Do you need 8 hours sleep a night?



  • Is getting a good night’s sleep now a status symbol
  • Why this 8 hours a night sleep advice is rubbish

This was such good timing!

No sooner had our brilliant email technician pressed ‘SEND’ on Thursday’s issue of The People’s Doctor, which was all about sleep…

…than a friend sent me an article in The Guardian with this headline:

“How a good night’s sleep became the ultimate status symbol”

As I’d just been telling you about how a “good night’s” sleep is actually NOT the norm for many human beings, this made me laugh.

It wasn’t the article that was wrong, but the subject of the article – Arianna Huffington, head honcho of the news site The Huffington Post.

She’s been proudly telling everyone that the key to success and well-being is to get eight hours every night.


What kind of normal person gets eight hours sleep?

Aside from the usual problems of work, family, pets and other things that make you get up early (and stay awake worrying at night)… there’s also illness, stress, insomnia, traffic noise, prescription drug side-effects, annoying street-lighting, raucous neighbours…

Besides, as I pointed out to you on Thursday, brain scientists are increasingly convinced that humans aren’t built for one long sleep every night. Right up until a few hundred years ago most of us had two shorter sleeps. This helps clear the neural pathways in your brain for better memory power.

It also frees you of that panic about being awake in the night, when you could simply accept the fact, then get up and do something useful.

So rather than listen to a tycoon boast about her amazingly long sleeps, and how wonderful your life would be if you could to it too… remember that a shorter night’s sleep and a siesta is probably far healthier.

And here’s the thing that made me laugh.

In the article, the journalist asked how Arianna Huffington got her eight hours’ sleep?

Well, with a LOT of help, allegedly.

Huffington has something called an ‘A-Team’ of staff who do everything from switching on her computer to running errands and booking hotels. Apparently the team are so overworked and underpaid they have to take on second jobs.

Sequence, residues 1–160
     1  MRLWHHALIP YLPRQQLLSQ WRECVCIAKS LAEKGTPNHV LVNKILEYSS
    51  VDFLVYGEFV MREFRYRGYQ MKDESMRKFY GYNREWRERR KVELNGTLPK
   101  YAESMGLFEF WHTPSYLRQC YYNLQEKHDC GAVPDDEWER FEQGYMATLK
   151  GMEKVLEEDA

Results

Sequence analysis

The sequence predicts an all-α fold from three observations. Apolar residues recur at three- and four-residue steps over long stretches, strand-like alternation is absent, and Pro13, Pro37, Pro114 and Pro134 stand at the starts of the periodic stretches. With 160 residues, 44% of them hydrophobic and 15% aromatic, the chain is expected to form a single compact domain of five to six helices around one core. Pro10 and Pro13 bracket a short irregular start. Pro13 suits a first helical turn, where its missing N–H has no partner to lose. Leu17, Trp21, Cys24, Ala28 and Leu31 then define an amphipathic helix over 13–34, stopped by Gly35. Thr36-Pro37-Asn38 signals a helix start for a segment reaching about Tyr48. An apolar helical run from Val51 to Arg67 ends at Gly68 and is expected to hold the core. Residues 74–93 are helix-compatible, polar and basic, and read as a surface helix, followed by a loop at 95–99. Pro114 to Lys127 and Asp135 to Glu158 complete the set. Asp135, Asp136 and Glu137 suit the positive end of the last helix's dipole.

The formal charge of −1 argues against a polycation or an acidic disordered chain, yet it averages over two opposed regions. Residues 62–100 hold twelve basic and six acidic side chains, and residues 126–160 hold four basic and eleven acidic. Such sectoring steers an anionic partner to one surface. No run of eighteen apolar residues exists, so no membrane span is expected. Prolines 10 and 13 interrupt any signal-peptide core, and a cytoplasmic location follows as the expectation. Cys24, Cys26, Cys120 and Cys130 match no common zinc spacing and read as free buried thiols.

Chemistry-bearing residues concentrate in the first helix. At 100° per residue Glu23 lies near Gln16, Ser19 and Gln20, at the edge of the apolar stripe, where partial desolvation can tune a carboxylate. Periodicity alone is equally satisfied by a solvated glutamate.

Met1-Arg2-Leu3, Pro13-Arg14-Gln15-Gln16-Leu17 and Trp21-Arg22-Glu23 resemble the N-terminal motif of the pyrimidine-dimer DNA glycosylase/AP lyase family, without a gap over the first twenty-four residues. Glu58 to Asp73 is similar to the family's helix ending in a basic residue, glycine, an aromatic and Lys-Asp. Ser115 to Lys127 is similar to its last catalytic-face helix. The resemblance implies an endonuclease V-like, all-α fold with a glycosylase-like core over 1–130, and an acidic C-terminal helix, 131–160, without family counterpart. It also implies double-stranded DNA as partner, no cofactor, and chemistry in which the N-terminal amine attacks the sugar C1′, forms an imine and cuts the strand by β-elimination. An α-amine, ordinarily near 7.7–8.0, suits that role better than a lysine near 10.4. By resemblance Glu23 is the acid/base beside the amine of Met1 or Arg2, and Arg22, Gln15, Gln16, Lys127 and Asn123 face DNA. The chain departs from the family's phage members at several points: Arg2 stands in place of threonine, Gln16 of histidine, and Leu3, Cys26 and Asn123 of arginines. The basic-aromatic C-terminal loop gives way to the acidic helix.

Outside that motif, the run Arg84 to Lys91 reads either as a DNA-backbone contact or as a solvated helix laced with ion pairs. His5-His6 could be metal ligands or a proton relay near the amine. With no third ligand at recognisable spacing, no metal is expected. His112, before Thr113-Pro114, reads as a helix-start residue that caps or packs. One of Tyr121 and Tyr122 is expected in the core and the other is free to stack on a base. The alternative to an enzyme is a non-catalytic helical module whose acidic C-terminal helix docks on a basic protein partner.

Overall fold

The article says: “Basically, they don’t sleep so that Huffington can … and can sell books about it.”

Yes, she’s even writing a book to share her wisdom and get a bit more profit out of it.

I’d agree that if you’re rich enough and have hired staff to take all the stress away from life, maybe it’s possible to get eight hours sleep every night.

But as with almost everything in the world of health and medicine, one size doesn’t fit all.

Our bodies are different, our lifestyles are different, and where we live makes a difference – people in colder darker climates might need more or less sleep than people in bright hot climates, for instance.

In other words, it’s all a bit of a nonsense.

I’m not sure why an internet news tycoon is writing what is, effectively, a health book. But my guess it’s going to be full of “how I became so great and why you’re not” stuff.

I could be wrong – so if you read it, love it, and get your eight hours sleep then let us know!

There are also a few little things you can do to get a better sleep that might work.

  • Cut out cured meats, potatoes, tomatoes and aubergines in the evening – these contain a stimulant called tyramine, so best have them for lunch than dinner.
  • Keep your feet warm. According to a 1999 study in the journal Nature, the warmer your hands and feet, the quicker you get to sleep. So try wearing socks in bed!
  • Do exercise at least three hours before you go to bed. Exercise releases a stress hormone called cortisol that keeps your brain alert. Not a good recipe for sleep!
  • Rid yourself of the day’s worries. According to Michael Grandner from the Behavioral Sleep Medicine program at the University of Pennsylvania. “Take some time in the evening to work through the day, make lists to do tomorrow and clear your mental desktop of the stuff that you still have to think about.” Once you’ve done that, then you are ready for bed.
  • Keep some lavender in your room, burn lavender scent oils or have a hot bath that has lavender oil in it. Tiffany Field from the University of Miami has studied the effects of lavender and claims that it can “slow down heart rate, slow blood pressure and put you in a parasympathetic state, which is a relaxed state”.
  • …or sprinkle lavender oil on your pillow (if you’re female!) In a 2008 study at the University of the West of England researchers sprinkled the oil onto the beds of female insomniacs in their 50s. Compared with a placebo, they got to sleep more easily and reported a better quality of sleep.
  • NAP! As discussed on Thursday, consider an afternoon nap and then you won’t have such urgency to get a long night’s sleep.

If you missed Thursday’s issue about why a good night’s sleep might not be a natural option for many of us, then you can read it here

I’ll be back with more next week – sleep well!


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